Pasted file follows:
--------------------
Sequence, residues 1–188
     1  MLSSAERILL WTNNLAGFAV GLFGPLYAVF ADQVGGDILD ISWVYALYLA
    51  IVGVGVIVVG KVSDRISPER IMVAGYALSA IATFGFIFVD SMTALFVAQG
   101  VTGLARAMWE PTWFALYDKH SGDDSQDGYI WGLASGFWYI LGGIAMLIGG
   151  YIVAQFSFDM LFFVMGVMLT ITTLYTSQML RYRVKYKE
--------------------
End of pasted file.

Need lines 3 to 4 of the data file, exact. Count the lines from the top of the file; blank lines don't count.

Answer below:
    51  IVGVGVIVVG KVSDRISPER IMVAGYALSA IATFGFIFVD SMTALFVAQG
   101  VTGLARAMWE PTWFALYDKH SGDDSQDGYI WGLASGFWYI LGGIAMLIGG